The human body is coated with bacterial cells. They live on our skin and between our teeth. They particularly like our warm, nutrient-filled gut, where they help digest food, make vitamins, and produce some seriously smelly gas. But when it comes to these gut bacteria, we are not what we eat. A new analysis of feces from humans and several other primates finds that evolutionary history, not diet, determines the makeup of our intestinal bugs.
Babies are born sterile, then they start picking up bacteria from their mothers. These microbes multiply and fill the intestines; one adult's gut can hold a thousand species. But it's not clear what exactly influences the makeup of that community—that is, what particular species of bacteria, in what quantities, hang out in our guts. It could depend mainly on what we get from our mothers, on what we eat, or on some other factor. Scientists have started using new genetic techniques to work out whether different species of animals have different communities; some studies in recent years have concluded that animals with similar diets have similar microbial communities.
To find out if diet was really key, Yale University evolutionary biologist Howard Ochman gathered samples of feces from 26 animals in the wild, representing three subspecies of chimpanzees, two species of gorillas, and two humans—one from Arizona and one from the Central African Republic, whose poop had originally been misidentified as belonging to an ape. Ochman didn't go out in the field for these samples; most were in freezers of colleagues who had collected them for other studies. "Basically, you get them by telephone," he says.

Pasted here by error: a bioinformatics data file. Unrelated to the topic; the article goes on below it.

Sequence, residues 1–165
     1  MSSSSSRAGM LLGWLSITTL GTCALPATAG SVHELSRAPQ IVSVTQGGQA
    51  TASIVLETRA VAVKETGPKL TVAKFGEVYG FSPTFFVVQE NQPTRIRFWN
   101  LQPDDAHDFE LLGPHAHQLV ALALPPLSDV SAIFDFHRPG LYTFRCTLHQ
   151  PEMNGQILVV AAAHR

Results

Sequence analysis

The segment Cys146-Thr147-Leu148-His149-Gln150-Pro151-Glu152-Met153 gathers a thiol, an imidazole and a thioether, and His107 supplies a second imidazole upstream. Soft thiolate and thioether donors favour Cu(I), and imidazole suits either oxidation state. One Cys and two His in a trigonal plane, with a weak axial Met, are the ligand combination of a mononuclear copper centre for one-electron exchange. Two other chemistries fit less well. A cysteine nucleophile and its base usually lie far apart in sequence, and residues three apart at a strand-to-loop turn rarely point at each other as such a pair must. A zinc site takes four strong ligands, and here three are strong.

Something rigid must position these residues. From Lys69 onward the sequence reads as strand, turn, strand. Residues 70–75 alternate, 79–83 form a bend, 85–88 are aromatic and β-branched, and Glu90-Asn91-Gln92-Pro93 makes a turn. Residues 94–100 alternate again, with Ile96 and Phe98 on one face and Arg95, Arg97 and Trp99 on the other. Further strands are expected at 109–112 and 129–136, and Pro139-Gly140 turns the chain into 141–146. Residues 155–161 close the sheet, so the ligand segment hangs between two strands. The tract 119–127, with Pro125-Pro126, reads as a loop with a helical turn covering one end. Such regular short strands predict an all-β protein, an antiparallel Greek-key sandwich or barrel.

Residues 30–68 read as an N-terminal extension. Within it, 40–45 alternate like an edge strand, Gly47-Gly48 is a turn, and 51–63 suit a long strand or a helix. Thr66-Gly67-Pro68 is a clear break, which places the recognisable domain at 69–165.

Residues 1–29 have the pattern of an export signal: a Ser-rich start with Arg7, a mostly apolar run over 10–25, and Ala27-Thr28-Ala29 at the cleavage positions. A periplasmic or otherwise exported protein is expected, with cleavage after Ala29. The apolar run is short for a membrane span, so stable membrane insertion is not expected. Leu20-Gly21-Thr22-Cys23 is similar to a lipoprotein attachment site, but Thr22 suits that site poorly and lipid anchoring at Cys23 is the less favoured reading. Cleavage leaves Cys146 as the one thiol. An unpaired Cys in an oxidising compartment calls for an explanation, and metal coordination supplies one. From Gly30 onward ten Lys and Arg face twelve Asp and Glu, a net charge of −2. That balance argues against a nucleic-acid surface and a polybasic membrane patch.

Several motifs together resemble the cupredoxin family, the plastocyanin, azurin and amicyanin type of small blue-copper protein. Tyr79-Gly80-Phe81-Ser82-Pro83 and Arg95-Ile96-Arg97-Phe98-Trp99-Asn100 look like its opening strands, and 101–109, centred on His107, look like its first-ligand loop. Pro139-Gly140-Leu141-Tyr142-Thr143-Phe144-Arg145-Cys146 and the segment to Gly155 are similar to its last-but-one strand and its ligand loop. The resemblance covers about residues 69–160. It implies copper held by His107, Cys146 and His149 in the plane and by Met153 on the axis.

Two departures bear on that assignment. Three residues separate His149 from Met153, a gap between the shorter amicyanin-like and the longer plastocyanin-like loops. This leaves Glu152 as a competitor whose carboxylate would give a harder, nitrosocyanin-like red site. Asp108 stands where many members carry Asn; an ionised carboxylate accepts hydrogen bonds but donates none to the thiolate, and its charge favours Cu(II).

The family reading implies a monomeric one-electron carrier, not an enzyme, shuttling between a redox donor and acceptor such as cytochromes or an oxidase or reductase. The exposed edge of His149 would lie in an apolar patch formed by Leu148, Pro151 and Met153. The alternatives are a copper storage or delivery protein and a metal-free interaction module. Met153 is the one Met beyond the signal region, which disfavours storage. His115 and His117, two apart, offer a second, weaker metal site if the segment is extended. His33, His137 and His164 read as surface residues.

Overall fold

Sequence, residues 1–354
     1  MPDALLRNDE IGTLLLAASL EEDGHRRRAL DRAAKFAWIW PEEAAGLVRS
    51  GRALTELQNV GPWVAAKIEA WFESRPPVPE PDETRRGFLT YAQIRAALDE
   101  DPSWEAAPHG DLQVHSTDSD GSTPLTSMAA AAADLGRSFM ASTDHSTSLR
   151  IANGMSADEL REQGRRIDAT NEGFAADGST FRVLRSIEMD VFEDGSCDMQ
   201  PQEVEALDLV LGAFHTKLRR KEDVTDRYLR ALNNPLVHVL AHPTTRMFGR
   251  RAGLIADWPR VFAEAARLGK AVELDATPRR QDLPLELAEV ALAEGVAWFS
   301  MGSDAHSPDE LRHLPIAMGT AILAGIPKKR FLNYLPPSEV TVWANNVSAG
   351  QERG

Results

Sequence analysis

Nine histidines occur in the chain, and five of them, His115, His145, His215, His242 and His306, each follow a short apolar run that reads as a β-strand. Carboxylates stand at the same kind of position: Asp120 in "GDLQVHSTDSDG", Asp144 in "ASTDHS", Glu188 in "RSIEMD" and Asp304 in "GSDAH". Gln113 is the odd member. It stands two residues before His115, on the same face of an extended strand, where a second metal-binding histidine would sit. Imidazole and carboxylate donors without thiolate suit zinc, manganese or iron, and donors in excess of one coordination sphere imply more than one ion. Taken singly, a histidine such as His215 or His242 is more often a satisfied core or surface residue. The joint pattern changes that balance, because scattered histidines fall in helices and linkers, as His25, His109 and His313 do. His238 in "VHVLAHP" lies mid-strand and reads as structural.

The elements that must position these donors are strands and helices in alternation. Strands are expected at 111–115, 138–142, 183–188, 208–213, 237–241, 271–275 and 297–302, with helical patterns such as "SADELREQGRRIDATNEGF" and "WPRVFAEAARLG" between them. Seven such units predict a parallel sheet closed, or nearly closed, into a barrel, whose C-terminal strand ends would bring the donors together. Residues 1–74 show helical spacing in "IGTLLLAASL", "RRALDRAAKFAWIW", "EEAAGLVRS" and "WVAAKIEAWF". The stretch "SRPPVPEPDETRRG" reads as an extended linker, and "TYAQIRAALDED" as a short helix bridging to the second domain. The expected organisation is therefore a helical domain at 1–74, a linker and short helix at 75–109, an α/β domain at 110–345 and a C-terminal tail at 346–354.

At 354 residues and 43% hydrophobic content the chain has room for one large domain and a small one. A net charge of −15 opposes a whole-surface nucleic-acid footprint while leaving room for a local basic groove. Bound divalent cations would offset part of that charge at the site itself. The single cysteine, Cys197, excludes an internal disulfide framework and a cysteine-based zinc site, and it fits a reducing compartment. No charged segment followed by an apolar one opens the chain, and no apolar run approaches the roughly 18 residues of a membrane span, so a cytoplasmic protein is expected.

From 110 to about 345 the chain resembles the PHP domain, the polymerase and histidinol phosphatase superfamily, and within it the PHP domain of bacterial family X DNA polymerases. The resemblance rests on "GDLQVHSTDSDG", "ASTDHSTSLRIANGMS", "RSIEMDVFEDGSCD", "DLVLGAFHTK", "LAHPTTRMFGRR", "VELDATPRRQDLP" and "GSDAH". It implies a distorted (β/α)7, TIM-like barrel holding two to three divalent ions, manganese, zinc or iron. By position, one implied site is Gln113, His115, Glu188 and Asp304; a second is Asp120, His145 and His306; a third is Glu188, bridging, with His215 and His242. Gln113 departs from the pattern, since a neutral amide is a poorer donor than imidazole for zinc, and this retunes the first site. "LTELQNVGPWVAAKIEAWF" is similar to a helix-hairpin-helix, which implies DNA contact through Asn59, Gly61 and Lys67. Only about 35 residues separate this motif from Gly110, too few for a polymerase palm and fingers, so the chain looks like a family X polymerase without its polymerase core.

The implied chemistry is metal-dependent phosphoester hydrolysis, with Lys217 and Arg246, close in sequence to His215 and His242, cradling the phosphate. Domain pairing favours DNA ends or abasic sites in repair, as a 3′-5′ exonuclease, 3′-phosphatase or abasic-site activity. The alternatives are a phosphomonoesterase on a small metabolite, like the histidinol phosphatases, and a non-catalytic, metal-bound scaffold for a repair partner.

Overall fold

Ochman and colleagues sequenced the bacterial DNA in each sample and focused on a particular gene whose sequence varies from species to species. The primates varied in both the types of bacteria their guts contained and the number of bacteria of each type. The team used this data to construct a tree of the bacterial relationships among the primates. Primates with many of the same number and kind of gut bacteria were placed close together on the tree, and vice versa.
To Ochman's surprise, the tree matched the evolutionary relationship of the primates. The gut bacteria of the humans more closely resembled those of the two chimp subspecies, for example, than they did those of the gorilla species. "We were just amazed," Ochman says. Diet probably isn't a factor, because the two humans shared the same gut bacteria even though they lived in vastly different parts of the world.
Ochman doesn't know why our microbial communities are so similar to our evolutionary relationships, but he suspects there may something about a species' gut physiology that makes it welcoming to a particular community of microorganisms. His team reports its findings online today in PLoS Biology.
"I like their approach" of building a tree based on comparing the makeup of microbial communities in different animals' guts, says microbiologist and infectious disease specialist David Relman of Stanford University in Palo Alto, California. He agrees that these data suggest that evolutionary relationships are more important than diet, but without knowing the animals' diet, he says, "it's hard to know how strong a statement one can make about the role of diet."